local all all trust
host all all 127.0.0.1/32 trust
I don’t know if there is anything insecure about this, but this does work, and previous installs of DSpace relied on it being this way.
Briefly, become the postgres user, so you can create our DSpace database and user. Enter each command and follow any directions. Note the password you set in the createuser step. You will need it later.
su - postgres
createuser -U postgres -d -A -P dspace
createdb -U dspace -E UNICODE dspace
Next, it’s time to mount the EBS created to hold the DSpace code and assetstore.
Add the following line to the mtab file. Note the device name you picked earlier, when you created the EBS and attached it to the EC2 instance. Here we have /dev/sdf but if this is the first EBS you’ve created for a non-root disk, it could be /dev/sda
/dev/sdf /dspace ext4 rw,noatime 0 0
Next go to the /dev directory so you can make the filesystem. Make sure the device you named and mapped in /etc/mtab is present in this directory.
Now mount the device.
Now it’s time to change some group memberships. This is not strictly necessary, but it might help mitigate potential permissions problems. I added the tomcat user to the dspace group and the dspace user to the tomcat group.
Next let’s change the /dspace directory to be owned by dspace.
chown -R dspace /dspace
Now become the dspace user so you can add the environment variables.
su - dspace
Add or change the following lines:
Here we’ve pointed M2_HOME to the location where we installed the Maven binary, set the M2 variable to its bin directory, and added the bin location to our path. With the environment variables in this file, these get set every time the dspace user logs in. So we need to login again to make sure they are correctly set.
su - dspace
Step 7: Download, configure, and build DSpace
This entire step assumes you are the dspace user, which you will be after following the previous steps.
Download the DSpace code from dspace.org. Since it comes from SourceForge, you’ll have to click to download, then copy the direct link, pasting it in your SSH window.
Unzip the file and perform the following actions.
Follow the directions in build.properties to get things set up. The comments are pretty helpful, but you can also refer to the DSpace documentation if you need assistance. What these get set to may depend on your local needs.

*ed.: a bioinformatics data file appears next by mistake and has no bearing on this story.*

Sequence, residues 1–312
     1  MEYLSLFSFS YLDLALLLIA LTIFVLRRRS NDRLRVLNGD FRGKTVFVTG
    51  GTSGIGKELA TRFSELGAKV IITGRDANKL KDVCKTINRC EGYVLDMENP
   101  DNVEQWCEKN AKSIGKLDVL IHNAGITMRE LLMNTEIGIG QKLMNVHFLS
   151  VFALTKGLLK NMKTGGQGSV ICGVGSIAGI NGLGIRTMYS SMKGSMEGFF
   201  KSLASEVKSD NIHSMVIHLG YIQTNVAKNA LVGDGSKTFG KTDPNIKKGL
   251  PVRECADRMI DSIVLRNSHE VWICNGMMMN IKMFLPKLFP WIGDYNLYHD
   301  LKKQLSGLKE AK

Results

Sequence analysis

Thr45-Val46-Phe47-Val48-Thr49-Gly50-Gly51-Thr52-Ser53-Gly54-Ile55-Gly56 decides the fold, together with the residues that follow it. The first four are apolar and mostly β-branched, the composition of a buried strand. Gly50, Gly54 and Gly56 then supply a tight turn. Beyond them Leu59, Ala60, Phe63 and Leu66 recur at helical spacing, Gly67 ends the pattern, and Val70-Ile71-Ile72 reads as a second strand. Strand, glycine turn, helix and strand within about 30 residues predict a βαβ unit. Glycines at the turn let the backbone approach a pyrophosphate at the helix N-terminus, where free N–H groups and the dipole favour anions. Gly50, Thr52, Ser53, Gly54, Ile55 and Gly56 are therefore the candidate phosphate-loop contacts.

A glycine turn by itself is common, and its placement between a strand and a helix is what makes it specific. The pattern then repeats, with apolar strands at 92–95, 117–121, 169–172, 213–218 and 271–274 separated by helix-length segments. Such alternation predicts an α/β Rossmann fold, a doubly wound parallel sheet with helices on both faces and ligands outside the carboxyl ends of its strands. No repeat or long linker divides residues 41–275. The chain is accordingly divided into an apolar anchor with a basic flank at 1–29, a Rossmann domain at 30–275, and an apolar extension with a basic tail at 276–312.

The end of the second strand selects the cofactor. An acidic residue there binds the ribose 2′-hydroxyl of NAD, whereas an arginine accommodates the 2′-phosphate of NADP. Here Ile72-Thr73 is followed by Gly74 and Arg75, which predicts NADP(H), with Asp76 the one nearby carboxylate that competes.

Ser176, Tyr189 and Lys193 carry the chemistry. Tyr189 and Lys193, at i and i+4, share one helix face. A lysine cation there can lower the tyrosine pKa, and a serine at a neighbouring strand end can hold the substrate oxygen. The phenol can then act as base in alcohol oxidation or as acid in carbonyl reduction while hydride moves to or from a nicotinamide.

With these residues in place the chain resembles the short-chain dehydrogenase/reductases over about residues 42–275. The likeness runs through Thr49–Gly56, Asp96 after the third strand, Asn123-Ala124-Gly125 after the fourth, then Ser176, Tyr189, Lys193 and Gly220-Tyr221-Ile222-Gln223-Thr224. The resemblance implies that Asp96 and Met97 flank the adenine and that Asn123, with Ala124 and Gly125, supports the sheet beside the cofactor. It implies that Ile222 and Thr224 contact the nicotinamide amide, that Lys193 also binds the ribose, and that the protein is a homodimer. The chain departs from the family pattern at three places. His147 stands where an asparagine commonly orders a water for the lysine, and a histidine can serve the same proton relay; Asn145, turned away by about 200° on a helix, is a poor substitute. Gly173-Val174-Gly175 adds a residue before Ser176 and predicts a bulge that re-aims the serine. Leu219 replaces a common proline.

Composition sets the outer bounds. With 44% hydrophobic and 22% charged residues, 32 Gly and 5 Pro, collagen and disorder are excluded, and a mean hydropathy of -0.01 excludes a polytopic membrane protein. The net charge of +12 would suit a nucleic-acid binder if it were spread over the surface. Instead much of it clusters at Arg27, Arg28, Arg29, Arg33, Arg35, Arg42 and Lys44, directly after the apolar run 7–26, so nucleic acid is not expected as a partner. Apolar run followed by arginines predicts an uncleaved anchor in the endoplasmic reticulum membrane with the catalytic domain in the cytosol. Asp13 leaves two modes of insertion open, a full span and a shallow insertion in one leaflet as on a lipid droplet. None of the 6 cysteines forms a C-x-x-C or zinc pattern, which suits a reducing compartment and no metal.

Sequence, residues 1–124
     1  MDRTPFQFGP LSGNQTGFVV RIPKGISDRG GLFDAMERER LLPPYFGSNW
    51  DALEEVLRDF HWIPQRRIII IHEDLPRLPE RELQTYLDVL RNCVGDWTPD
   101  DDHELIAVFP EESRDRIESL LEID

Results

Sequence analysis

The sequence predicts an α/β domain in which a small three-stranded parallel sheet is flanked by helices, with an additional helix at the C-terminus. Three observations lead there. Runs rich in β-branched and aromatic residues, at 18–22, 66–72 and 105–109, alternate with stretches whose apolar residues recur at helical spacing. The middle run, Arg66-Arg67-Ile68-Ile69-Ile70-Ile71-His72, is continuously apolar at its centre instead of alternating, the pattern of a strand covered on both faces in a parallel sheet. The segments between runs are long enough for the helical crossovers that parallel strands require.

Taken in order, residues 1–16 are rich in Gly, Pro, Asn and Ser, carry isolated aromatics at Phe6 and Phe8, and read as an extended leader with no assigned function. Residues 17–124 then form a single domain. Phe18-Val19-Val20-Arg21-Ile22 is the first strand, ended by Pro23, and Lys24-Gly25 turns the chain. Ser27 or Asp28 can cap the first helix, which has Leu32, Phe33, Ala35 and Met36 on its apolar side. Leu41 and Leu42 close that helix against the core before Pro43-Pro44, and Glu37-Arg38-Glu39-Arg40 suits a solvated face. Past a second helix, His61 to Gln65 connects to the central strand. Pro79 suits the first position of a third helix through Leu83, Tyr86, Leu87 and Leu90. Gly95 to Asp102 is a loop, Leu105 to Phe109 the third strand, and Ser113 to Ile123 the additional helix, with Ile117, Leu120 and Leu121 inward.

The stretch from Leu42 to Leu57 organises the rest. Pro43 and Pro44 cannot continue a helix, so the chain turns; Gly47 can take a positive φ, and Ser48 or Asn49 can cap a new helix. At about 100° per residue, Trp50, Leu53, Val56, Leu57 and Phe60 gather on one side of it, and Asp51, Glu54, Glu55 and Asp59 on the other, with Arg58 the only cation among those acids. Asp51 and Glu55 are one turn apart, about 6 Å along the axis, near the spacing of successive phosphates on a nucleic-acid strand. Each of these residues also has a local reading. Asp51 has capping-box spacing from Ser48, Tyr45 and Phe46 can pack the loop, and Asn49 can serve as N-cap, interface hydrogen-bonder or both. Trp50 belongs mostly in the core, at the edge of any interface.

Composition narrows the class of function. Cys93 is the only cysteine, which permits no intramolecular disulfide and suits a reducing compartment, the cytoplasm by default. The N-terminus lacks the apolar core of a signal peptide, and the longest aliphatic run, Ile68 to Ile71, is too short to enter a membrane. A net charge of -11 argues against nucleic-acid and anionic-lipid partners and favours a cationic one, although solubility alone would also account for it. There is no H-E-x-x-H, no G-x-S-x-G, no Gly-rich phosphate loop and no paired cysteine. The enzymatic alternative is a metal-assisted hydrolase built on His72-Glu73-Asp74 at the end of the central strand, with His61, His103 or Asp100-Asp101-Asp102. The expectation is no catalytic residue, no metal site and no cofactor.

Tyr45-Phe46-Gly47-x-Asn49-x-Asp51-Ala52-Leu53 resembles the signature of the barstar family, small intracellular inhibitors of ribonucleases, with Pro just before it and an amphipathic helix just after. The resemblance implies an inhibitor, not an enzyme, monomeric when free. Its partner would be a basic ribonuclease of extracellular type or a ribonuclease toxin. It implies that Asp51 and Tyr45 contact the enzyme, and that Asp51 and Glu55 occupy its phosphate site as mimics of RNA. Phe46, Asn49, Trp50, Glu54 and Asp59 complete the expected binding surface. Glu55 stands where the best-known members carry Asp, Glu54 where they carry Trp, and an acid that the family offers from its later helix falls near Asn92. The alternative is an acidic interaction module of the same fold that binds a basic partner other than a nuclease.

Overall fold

Pay particular attention to the db.password, which should match what you set for the dspace user above.
Many of the defaults are fine to use.
After saving and exiting the build.properties file, you can finally begin the compile process.
Wait for the mvn package command to finish. It can take a while. Once it’s completed successfully, you will see a big SUCCESS message. Now move into the target directory and do the actual install.
This creates the database schema, adds default data, copies the DSpace code, and such. Watch to make sure this is successful as well. It takes some time.
Step 8: Copy the desired webapps and start Tomcat
Finally you can copy your webapps to where Tomcat can use them. If you know which particular webapps you want to copy, you can copy them one by one, or you can just copy all of them.
One by one, for example:
cp -R xmlui/ /usr/share/tomcat7/webapps/
cp -R /dspace/webapps/* /usr/share/tomcat7/webapps/
It takes Tomcat a while to start, sometimes as long as 20 minutes if you aren’t very lucky. Mostly it takes around 2-5 minutes.
Wrapping it up
That’s it! You should now have a functioning DSpace. Other things you’ll want to do include creating an administrator account, testing the web application, and such. Try following along in the DSpace manual or reading up on the various command line tools available to find out what else you can do, including advanced configurations and such.
Discuss this with me on Google+: https://plus.google.com/u/0/102013352492248128705/posts/Ly1LsBhksSv